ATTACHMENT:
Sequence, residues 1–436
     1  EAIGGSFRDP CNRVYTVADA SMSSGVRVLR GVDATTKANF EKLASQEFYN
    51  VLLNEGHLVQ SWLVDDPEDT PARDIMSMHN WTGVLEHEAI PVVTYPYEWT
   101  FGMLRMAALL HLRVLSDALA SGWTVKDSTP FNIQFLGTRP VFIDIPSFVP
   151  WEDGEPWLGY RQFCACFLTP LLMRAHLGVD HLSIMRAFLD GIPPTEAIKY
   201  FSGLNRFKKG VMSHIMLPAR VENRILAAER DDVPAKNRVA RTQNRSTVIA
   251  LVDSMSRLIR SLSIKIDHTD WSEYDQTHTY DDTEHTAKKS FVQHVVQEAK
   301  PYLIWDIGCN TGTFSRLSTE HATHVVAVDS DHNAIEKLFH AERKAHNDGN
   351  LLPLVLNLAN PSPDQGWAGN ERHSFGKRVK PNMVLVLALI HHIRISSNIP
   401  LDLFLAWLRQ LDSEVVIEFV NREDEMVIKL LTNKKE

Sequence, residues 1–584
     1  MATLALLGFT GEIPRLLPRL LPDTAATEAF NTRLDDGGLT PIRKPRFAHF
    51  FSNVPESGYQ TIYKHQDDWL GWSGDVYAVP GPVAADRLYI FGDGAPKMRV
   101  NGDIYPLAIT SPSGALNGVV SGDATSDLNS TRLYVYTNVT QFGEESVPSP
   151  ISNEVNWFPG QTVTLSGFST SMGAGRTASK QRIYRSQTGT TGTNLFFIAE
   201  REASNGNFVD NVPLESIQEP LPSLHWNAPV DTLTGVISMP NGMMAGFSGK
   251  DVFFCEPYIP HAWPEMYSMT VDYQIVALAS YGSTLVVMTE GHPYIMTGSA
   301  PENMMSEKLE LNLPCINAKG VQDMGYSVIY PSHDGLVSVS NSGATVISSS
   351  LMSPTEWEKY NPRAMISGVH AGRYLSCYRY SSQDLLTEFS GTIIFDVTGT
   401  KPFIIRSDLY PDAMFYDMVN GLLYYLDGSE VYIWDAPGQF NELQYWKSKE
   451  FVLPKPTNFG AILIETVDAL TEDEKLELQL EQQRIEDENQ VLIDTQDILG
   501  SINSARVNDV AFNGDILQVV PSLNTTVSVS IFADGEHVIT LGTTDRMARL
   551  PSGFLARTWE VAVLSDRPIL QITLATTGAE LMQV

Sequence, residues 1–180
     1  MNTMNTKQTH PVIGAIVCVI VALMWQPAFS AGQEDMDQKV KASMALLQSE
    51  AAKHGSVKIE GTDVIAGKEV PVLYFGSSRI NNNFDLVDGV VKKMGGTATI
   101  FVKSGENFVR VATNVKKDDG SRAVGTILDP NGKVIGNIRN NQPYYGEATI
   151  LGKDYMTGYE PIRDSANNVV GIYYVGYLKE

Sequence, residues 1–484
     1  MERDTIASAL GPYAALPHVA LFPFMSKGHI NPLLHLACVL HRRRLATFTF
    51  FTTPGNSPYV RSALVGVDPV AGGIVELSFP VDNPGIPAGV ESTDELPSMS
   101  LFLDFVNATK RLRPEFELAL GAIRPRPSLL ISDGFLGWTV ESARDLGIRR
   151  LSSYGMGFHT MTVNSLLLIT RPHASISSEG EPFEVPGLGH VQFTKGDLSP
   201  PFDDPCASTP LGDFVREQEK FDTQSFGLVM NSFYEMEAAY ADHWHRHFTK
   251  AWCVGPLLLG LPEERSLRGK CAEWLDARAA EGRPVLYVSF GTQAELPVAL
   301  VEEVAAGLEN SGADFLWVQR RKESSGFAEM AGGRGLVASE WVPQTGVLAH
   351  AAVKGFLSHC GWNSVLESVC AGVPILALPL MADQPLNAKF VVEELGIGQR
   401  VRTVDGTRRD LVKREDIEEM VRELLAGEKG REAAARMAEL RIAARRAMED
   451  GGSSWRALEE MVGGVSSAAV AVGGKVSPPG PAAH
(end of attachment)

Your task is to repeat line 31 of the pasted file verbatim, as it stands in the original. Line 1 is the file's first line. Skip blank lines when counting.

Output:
    51  FTTPGNSPYV RSALVGVDPV AGGIVELSFP VDNPGIPAGV ESTDELPSMS